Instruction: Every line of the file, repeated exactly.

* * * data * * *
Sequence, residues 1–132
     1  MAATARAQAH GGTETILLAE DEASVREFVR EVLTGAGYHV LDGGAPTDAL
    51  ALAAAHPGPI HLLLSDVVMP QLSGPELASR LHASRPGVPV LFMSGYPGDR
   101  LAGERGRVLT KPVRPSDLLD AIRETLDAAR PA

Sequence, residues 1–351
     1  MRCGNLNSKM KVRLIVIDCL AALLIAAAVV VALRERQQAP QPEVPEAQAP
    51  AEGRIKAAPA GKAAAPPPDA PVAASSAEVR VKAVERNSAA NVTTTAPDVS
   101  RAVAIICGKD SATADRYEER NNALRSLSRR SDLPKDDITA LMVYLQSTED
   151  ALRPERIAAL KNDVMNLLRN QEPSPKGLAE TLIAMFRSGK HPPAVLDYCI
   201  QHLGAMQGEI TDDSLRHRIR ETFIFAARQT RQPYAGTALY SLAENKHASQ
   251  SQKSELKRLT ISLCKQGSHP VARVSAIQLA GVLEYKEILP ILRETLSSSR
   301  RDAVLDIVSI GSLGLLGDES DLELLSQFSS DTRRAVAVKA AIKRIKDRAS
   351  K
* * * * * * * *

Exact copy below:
Sequence, residues 1–132
     1  MAATARAQAH GGTETILLAE DEASVREFVR EVLTGAGYHV LDGGAPTDAL
    51  ALAAAHPGPI HLLLSDVVMP QLSGPELASR LHASRPGVPV LFMSGYPGDR
   101  LAGERGRVLT KPVRPSDLLD AIRETLDAAR PA

Sequence, residues 1–351
     1  MRCGNLNSKM KVRLIVIDCL AALLIAAAVV VALRERQQAP QPEVPEAQAP
    51  AEGRIKAAPA GKAAAPPPDA PVAASSAEVR VKAVERNSAA NVTTTAPDVS
   101  RAVAIICGKD SATADRYEER NNALRSLSRR SDLPKDDITA LMVYLQSTED
   151  ALRPERIAAL KNDVMNLLRN QEPSPKGLAE TLIAMFRSGK HPPAVLDYCI
   201  QHLGAMQGEI TDDSLRHRIR ETFIFAARQT RQPYAGTALY SLAENKHASQ
   251  SQKSELKRLT ISLCKQGSHP VARVSAIQLA GVLEYKEILP ILRETLSSSR
   301  RDAVLDIVSI GSLGLLGDES DLELLSQFSS DTRRAVAVKA AIKRIKDRAS
   351  K